Many times, working conditions will aggravate a preexisting condition – such as a “bad back” or “weak knees.” Conversely, in other cases, the preexisting condition itself can make a work injury worse – for example when diabetes prevents a wound received at work from healing.
In such case our workers compensation attorneys are often asked: “Are pre-existing conditions covered under workers comp?” However, the answer to this important question is a bit complex. In this article, our skilled workers comp lawyers answer in detail the questions surrounding workers compensation and re-existing conditions.
The Workers’ Comp General Rule on Preexisting Conditions
The general rule is that workers’ compensation benefits are only paid for injuries or illnesses related to one’s job. However, if a worker is already suffering from a pre-existing medical condition, and that conditioned is worsened because of their job, the employee may be entitled to workers’ comp benefits.
Similarly, a worker cannot be denied workers comp benefits if they suffer a job-related injury or illness, and their preexisting condition makes the injury or illness worse.
Employers Must Accept Their Workers “As They Are”
There is a rule in workers compensation that employers must accept their employees “as they are”. In other words, when paying workers comp benefits, an employer can make no distinction between employees who are physically healthy and those who came to the job with a pre-existing weakness that made them more likely to suffer long-term injury due to a workplace accident or due to normal job duties.
Therefore, the aggravation or acceleration of a preexisting condition by any workplace activity entitles the affected employee to workers comp benefits – even IF a healthy individual would not have been harmed (or harmed as badly) by the same incident or occurrences.
Example of “As They Are” Workers Comp Claims
As an example, if an employee was hired who had a condition called osteopenia (bones more susceptible to breakages) she would be entitled to workers’ compensation if she suffered a fracture in her leg when a box fell on her, even if someone who did not suffer from osteopenia would not have been injured at all when the box fell.
Another example would be a diabetic employee who cuts their toe on a piece of metal in the workplace. For most people a wound will recover quickly and may not even lead to a work injury case. However, a diabetic worker may not recover from the wound, and could need prolonged medical care – even requiring amputation. In that case, the employer is still responsible for all workers comp benefits – even though a non-diabetic people would have likely recovered rather quickly without complications.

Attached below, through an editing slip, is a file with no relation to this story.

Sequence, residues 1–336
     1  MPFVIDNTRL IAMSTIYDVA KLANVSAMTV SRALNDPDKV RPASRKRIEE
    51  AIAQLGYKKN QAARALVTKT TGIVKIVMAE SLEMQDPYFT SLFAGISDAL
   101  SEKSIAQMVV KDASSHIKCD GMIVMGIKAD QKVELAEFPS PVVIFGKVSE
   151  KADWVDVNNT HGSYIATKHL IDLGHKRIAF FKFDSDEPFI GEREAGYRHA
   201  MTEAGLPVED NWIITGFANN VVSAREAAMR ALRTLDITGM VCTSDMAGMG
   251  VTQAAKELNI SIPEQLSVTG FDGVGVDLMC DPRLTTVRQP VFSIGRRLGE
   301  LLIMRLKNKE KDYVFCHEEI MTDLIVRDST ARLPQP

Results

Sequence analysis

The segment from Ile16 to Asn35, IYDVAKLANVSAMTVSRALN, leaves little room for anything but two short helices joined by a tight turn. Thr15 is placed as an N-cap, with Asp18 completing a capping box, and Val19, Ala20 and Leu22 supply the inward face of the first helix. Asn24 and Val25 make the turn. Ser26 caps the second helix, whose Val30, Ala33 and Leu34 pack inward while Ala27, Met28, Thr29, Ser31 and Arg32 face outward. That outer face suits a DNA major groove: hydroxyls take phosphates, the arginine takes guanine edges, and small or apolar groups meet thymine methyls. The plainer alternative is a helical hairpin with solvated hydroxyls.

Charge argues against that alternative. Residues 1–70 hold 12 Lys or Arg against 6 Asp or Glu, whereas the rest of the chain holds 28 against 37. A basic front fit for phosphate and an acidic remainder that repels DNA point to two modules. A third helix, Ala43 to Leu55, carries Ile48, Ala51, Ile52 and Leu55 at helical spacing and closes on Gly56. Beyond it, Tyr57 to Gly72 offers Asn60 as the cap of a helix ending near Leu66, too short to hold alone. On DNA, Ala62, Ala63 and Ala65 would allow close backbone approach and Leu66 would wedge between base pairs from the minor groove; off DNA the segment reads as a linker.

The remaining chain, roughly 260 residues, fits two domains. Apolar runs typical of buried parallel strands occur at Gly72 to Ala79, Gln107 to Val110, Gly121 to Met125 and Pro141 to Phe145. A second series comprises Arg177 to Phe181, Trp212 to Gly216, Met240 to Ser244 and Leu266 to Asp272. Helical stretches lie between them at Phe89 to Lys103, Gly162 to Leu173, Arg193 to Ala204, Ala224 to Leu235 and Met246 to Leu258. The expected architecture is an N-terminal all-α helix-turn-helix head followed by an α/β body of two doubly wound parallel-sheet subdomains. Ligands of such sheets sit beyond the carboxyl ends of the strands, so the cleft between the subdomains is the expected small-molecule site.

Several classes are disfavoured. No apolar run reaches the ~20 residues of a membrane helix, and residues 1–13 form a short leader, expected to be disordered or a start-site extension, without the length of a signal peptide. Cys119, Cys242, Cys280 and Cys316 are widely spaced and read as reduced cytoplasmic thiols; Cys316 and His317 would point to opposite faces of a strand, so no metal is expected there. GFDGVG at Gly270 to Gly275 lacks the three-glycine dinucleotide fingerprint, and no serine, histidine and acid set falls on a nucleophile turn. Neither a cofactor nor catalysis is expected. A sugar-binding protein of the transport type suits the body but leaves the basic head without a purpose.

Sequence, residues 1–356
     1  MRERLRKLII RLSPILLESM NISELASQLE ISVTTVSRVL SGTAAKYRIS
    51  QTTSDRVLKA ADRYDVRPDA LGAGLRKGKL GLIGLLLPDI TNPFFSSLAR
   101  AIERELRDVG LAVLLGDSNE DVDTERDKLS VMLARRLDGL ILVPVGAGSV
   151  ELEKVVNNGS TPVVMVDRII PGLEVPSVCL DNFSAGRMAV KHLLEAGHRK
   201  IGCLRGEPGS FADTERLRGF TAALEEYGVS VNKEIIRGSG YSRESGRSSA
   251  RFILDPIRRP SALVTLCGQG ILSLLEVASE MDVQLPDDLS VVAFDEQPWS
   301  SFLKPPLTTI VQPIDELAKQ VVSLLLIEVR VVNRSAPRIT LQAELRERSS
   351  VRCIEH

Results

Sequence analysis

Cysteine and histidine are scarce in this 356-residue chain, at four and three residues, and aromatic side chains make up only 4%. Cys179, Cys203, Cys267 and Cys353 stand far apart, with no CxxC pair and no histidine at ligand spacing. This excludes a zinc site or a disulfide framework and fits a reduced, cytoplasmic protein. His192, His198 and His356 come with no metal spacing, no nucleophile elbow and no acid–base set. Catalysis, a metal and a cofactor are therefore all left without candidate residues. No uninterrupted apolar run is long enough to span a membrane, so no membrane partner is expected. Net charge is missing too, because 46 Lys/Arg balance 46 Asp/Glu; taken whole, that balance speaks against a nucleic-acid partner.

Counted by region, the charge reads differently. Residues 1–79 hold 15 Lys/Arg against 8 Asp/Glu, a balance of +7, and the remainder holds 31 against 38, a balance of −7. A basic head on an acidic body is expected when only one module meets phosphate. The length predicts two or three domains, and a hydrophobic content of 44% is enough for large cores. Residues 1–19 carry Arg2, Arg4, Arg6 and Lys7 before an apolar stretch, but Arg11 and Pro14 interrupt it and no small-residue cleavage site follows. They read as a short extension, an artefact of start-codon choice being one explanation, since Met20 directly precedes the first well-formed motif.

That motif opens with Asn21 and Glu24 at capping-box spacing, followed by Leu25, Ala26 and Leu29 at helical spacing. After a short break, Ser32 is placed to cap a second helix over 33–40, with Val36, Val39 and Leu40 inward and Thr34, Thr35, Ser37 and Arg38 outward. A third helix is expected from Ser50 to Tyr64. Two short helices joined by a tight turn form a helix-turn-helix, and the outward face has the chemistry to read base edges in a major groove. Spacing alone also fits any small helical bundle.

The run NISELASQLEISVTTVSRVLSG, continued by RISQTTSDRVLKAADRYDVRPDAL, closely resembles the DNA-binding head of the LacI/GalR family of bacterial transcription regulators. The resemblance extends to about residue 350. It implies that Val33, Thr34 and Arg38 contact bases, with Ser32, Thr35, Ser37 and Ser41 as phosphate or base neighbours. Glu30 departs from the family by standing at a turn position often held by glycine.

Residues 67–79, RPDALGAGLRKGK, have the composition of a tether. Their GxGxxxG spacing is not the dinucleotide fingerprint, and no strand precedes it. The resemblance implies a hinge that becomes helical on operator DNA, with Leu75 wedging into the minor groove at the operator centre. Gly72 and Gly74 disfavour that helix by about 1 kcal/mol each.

Denial of Workers Comp Claims for Preexisting Conditions
While an injured worker is entitled to workers’ compensation for the worsening of a pre-existing condition, these types of claims are routinely denied by employers and their insurance companies. Often, the employer will contend that the condition preventing you from working is only your pre-existing condition, and not anything work-related.
Unfortunately, some insurance companies can be less than honest about how the law actually applies to preexisting conditions and will try to save money by denying treatment by saying something related to a preexisting condition is not covered, when it is.
And in many cases, it can be difficult for a sick or injured employee to prove that their pre-existing condition was actually aggravated or exacerbated by workplace activities.
Workers Comp for Preexisting Conditions
If you are an injured employee whose workers’ comp claim was denied for the worsening of a pre-existing condition a workers’ compensation attorney can help “prove” the facts surrounding your incident, and gather the necessary documentation to show that your condition is work-related.
The bottom line is that having a preexisting condition is not something that Workers’ Compensation laws should not punish you for – even though the insurance company may try to avoid workers comp payments on the basis of a pre-existing condition.
If you were injured or made ill in the workplace, and you have a preexisting condition we recommend that you speak with one of our experienced workers’ comp attorneys immediately. An experienced workers compensation lawyer can help you identify minor issues before they become major problems – and make sure that you not only receive your benefits now, but for years to come.
Your consultation with our workers’ comp attorneys is 100% confidential, and neither your employer nor your insurance company will be notified that you requested a consultation with us. Our lawyers will help you understand your rights and work tirelessly to ensure that you receive the maximum workers’ comp benefits for which you qualify.
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